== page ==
In addition, as the economy recovers, the expanded output per capita and personal income per capita will also increase state revenue capacity. According to the Congressional Budget Office, the U.S. economy is currently at least 5% below its potential output (Figure 2-1, The Budget and Economic Outlook, Fiscal Years 2012 to 2022.) As the U.S. economy recovers from the Great Recession, this will increase state government fiscal capacity another 5% or so.

State government tax revenue is currently a little over $700 billion per year. A 15% boost in state revenue capacity due to economic recovery would boost available state tax revenues by over $100 billion annually.

Furthermore, we expect some long-term growth in real per capita incomes. The long-term economic assumptions of the Social Security Board of Trustees are for the U.S.’s economic productivity to increase by 1.7% per year. This is in line with other long-term forecasts. Even if we are pessimistic, we would expect real per capita incomes to grow by 1% per year or so over the long-term. Over the next 20 years or so, such growth would add over 20% to state’s capacity to raise real per capita revenue. That will add another $100 billion to $150 billion to state revenue capacity.

In order for states to actually use this revenue capacity, they may need to make tax reforms to broaden tax bases or raise nominal rates. For example, some state taxes, such as the sales tax, are tending to decline as a percent of personal income over time.  State tax changes to broaden the base of the sales tax or to raise tax rates may be needed if sales tax revenues are to maintain the same percentage of personal income over tax. Maintaining a stable state tax revenue share of personal income requires active state policy measures. This may involve policy actions that could be perceived in the political arena as “raising taxes”. However, if a state’s tax revenue as a percent of personal income is not going up, then a state’s overall real tax burden on its various taxpayers is not really increasing.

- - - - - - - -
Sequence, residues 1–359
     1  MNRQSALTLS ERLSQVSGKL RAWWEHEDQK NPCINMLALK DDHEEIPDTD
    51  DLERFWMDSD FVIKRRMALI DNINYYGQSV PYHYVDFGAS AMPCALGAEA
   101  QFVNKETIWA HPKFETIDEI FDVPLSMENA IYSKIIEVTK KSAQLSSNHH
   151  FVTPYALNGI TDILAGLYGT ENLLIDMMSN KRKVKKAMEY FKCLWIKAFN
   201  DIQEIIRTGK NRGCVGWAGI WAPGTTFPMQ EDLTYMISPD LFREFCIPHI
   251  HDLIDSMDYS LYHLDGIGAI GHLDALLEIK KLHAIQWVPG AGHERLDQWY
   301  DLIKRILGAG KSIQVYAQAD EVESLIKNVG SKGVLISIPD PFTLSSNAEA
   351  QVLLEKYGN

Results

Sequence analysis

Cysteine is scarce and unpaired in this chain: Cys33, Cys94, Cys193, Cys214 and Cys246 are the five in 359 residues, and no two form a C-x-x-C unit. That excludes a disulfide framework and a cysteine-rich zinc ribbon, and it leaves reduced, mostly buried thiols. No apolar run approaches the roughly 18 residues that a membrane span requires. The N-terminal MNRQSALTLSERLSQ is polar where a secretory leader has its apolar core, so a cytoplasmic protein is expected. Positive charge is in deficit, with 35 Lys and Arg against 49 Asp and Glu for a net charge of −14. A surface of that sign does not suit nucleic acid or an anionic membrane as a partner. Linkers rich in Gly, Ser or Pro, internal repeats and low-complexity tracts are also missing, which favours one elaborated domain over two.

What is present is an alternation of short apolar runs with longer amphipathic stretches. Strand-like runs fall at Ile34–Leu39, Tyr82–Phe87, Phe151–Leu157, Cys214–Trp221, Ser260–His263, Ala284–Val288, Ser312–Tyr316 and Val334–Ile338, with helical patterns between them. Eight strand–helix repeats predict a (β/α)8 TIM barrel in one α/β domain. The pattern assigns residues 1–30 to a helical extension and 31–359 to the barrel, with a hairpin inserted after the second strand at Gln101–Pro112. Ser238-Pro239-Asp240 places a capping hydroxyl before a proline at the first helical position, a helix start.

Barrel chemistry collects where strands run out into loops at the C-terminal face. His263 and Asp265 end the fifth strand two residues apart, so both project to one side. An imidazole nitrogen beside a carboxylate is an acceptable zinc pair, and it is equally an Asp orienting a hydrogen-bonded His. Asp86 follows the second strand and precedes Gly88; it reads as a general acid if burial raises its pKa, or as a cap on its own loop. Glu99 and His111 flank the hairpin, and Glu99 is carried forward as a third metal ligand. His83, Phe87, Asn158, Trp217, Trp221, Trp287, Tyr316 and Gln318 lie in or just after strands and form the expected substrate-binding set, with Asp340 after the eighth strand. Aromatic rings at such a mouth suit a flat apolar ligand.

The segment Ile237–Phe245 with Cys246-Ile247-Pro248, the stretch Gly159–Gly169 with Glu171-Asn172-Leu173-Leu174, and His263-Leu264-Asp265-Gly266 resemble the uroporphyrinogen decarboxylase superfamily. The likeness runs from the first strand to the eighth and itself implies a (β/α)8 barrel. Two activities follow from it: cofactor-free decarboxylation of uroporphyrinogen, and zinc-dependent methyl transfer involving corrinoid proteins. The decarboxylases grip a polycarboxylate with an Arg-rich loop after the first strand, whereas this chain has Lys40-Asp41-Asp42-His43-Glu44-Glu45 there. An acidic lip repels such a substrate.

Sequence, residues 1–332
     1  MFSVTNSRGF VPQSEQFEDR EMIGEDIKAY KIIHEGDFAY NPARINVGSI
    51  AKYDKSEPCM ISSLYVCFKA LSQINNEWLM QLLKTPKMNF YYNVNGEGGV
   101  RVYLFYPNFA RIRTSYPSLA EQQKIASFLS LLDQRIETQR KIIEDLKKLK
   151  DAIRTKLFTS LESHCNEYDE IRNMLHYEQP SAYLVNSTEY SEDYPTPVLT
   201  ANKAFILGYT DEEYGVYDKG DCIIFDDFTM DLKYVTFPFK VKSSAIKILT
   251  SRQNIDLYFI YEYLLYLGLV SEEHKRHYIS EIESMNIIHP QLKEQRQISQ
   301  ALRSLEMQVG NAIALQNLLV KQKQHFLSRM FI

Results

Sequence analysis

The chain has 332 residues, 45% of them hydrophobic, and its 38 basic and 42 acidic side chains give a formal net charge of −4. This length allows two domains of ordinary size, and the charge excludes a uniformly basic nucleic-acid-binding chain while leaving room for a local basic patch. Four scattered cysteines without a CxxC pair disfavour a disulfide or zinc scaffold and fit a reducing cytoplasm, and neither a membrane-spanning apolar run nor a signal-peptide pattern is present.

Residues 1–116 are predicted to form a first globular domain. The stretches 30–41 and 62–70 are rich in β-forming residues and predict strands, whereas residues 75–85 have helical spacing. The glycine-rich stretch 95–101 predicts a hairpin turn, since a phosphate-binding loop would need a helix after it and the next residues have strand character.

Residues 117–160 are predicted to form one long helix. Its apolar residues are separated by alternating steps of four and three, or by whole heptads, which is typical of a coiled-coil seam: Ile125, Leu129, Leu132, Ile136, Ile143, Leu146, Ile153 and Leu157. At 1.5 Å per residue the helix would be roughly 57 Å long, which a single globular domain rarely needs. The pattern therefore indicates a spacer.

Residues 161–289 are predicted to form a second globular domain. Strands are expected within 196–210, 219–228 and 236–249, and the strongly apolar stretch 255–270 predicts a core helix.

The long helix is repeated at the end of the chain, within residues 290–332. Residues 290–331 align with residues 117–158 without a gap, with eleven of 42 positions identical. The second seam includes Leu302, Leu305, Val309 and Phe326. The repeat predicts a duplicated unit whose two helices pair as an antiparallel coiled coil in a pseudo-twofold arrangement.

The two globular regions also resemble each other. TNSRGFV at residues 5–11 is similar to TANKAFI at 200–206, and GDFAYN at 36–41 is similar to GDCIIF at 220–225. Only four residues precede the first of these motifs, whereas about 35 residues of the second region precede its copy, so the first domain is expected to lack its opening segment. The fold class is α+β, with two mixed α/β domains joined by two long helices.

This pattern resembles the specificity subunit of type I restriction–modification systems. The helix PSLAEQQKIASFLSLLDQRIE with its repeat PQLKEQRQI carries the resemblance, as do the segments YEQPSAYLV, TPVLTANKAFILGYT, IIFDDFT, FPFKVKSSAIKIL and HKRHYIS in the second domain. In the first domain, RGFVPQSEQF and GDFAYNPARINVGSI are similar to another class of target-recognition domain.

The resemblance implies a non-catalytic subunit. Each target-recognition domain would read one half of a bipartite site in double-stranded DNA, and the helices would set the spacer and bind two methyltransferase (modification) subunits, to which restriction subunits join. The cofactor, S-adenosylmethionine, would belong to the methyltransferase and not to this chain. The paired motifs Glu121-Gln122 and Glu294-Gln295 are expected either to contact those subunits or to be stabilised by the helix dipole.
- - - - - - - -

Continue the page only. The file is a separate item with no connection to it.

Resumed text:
The Task Force properly points out that states will face many competing demands for funds, due to the rising costs of Medicaid, the possible loss of federal grants with federal fiscal retrenchment, rising costs of public employee pensions, and infrastructure needs. The wild card here is Medicaid and health care costs. If health care reform can lead to a slowing in health care costs growth, this will help both the federal fiscal situation, as well as the state fiscal situation.  Pension reform will also be needed.

However, states will not be without considerable revenue capacity, of hundreds of billions of dollars per year, to deal with these many important issues.  If we have reasonable health care reforms and pension reforms, state governments should have the fiscal capacity to make needed investments in infrastructure as well as in early childhood programs and other human capital investment programs.

About timbartik

Tim Bartik is a senior economist at the Upjohn Institute for Employment Research, a non-profit and non-partisan research organization in Kalamazoo, Michigan. His research specializes in state and local economic development policies and local labor markets.